Little kids typically love math. They enjoy counting, and sorting shapes, and playing math games, and learning how to add.
But soon, of course, the math gets harder and becomes a lot less fun. Subtraction isn’t nearly as easy as addition…and then here come the times tables, and long division, and fractions, percents, decimals…ugh!
Math is really just like learning a foreign language or a musical instrument: Beginning is easy and interesting and achieving fluency is deeply satisfying, but in between lies a long stretch of tedious, frustrating grunt work (conjugating verbs…practicing scales…blech!!)
Test preparation forces kids to drill on those basic math skills. My students discover that the SAT and the ACT create their “hard” math questions out of material that isn’t rocket science (it usually isn’t even Algebra II) but that kids, notoriously, simply haven’t practiced enough, especially:
- triangle properties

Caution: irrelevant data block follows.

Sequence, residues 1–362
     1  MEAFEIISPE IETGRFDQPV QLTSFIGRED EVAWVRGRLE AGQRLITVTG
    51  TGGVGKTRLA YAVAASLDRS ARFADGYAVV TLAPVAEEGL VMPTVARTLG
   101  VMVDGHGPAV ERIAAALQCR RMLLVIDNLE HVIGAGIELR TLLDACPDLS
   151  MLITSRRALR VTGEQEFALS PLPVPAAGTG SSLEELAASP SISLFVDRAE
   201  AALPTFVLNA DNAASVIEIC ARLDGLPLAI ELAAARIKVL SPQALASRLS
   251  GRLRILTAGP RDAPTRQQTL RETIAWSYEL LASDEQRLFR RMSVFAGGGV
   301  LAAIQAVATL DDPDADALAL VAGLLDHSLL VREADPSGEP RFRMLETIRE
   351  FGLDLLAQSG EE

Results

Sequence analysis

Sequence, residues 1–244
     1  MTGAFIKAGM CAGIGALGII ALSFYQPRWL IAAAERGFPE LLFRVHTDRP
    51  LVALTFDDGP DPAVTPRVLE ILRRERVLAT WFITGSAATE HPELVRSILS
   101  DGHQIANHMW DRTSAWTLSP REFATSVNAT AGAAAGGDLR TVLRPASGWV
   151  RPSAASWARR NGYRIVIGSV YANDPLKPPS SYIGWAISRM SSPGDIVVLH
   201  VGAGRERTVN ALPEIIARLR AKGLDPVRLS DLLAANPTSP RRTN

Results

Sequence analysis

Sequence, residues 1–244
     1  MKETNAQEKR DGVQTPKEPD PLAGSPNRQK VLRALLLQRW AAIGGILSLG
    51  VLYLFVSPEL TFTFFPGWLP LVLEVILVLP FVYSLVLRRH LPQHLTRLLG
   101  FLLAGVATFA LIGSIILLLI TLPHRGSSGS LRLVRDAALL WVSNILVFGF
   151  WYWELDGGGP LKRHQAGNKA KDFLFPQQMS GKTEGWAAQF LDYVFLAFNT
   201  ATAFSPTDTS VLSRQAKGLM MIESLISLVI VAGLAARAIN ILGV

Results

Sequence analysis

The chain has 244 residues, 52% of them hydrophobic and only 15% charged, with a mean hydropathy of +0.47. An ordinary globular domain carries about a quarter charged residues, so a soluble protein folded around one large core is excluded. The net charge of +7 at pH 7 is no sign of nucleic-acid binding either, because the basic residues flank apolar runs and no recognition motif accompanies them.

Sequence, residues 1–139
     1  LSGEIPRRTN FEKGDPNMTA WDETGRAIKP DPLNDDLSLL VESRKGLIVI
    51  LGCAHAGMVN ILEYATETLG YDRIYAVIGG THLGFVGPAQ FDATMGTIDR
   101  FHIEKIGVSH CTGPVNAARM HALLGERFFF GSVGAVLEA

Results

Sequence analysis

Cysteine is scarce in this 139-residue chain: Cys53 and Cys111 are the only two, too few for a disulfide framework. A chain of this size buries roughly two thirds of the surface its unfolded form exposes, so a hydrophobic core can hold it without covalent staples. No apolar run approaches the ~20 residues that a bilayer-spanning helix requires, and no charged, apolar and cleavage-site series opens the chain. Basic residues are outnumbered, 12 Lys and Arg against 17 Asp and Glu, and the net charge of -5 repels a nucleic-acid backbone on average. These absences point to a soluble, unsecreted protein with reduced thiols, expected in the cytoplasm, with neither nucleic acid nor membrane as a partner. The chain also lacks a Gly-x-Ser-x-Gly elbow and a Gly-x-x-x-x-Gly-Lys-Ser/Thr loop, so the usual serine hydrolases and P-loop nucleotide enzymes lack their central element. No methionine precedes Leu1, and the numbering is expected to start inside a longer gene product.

(Click here and look in the purple box for Five Sets of SAT Review Videos on these basic math topics plus reading and writing tips.)
Several of my math-adverse test-prep students, the ones who introduced themselves to me with I’m a verbal person; math isn’t my thing, are nonetheless getting awfully good at their math…and liking it!
It’s so deeply satisfying and empowering to get a handle on a subject which used to feel intimidating, and I love seeing that look of fresh interest and keen pride and confidence on their faces.
It’s definitely worth pushing kids to put in the time and effort to achieve greater math fluency and understanding, not just for Test Day, but for a lifetime. Learning math trains the brain to reason logically and to problem-solve, and people who are more numerically literate make better life decisions (a great reply to the ‘ol Why do we have to learn this stuff? / I’m never going to use it in real life, complaint).
Most people who stick with their math and continue all the way into calculus are really glad they did. Just like being able to converse fluently in French or effortlessly play Bach on the piano, the fun really begins when a person has put in the effort to master the basics.